I remain bullish on the longer-term prospects for gold and choose to ignore the supposed media and financial experts as they try to justify the irrelevance of gold in the current financial environment. Those savvy enough to look past the bullish rhetoric currently enveloping financial markets as the Dow soars to ever greater heights, can see an economy with major problems - which are being papered over by the Fed to the tune of $65 billion (now $75 billion) a month.
It has taken $5 of stimulus in the US to create each $1 of growth - hardly a sustainable situation and one that is creating major longer-term headaches for the US economy (and the US taxpayer).
The first half of 2014 could see further downside pressure on the gold price, as the media and speculators revel in an escalating Dow that is continuing to be assisted in its ascent to the tune of $75 billion every month. They will use this as further justification for gold's irrelevance, blindly ignoring the dangers lurking below the surface.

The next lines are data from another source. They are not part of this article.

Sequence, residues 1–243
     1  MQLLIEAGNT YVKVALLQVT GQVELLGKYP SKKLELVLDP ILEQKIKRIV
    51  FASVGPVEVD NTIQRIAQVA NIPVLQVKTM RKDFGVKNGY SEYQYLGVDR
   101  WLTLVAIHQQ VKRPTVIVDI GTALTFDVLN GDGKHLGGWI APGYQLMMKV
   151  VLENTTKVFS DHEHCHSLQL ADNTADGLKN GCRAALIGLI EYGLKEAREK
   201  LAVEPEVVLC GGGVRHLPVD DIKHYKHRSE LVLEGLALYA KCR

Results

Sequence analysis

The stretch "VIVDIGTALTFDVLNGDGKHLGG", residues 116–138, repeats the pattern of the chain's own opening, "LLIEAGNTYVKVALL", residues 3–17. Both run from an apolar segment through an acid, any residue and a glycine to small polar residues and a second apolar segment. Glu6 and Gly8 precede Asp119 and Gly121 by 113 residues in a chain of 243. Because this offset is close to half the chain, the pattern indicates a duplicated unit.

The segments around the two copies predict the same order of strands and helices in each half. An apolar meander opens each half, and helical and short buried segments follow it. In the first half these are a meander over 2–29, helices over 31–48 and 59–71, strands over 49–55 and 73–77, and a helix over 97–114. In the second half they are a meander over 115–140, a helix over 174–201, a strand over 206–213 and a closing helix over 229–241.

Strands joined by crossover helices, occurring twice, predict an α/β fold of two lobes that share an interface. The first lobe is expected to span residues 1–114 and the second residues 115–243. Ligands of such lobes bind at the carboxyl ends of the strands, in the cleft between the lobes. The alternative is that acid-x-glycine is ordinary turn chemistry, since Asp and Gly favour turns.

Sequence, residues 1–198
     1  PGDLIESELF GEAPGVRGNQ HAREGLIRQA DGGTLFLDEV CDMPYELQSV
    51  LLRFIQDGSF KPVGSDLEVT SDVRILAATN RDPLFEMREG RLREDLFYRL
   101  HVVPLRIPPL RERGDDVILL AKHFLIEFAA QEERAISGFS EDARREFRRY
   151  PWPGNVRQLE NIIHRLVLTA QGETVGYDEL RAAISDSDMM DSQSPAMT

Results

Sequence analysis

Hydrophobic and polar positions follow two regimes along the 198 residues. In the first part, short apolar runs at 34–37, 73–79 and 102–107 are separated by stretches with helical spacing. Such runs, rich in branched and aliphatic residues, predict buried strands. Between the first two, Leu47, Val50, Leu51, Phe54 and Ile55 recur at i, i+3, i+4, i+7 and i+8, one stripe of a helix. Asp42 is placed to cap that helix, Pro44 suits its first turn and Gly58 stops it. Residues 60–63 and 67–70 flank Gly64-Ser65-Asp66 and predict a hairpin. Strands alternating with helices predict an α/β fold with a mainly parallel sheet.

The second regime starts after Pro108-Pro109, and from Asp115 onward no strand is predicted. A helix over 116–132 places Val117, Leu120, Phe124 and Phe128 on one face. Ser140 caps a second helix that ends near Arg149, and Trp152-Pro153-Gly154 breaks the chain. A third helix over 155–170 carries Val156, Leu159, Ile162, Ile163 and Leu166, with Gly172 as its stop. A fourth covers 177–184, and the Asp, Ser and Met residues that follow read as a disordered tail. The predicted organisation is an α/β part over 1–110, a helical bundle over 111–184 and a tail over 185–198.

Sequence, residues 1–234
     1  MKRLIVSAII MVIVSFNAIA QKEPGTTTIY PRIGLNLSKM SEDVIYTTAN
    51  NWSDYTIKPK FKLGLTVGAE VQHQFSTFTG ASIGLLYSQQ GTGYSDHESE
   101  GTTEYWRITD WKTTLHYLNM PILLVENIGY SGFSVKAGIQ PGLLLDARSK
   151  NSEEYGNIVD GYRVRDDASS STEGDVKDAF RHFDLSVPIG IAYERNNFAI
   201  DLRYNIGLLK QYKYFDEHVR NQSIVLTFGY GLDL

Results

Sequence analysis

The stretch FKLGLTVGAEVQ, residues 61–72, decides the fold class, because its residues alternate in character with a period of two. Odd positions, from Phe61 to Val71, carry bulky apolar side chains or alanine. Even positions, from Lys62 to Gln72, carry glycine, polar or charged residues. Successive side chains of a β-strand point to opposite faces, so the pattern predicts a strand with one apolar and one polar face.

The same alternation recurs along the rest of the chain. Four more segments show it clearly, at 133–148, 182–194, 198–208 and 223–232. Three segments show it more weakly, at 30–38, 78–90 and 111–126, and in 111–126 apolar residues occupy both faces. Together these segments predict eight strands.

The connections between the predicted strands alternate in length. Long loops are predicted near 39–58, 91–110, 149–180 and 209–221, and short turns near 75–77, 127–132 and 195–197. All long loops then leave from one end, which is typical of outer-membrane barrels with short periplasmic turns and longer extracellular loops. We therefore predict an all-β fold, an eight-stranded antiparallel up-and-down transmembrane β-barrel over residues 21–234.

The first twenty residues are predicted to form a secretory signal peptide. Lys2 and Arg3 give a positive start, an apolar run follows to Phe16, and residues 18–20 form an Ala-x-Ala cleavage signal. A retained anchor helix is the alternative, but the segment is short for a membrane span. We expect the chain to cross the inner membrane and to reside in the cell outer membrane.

The reality, however, is that gold appears to have good support around US$1,200 an ounce and is unlikely to dip below this level for long. Gold investors, therefore, should remain patient and I retain every confidence we will see a recovery in gold prices over the course of the next 12 months. Prices above $1,400 are certainly possible as part of a renewed appreciation of gold's relevance in somewhat uncertain financial times.
About the author
Gavin Wendt is the founder of MineLife, a leading investment newsletter on the resources sector, and a noted mining and commodities analyst.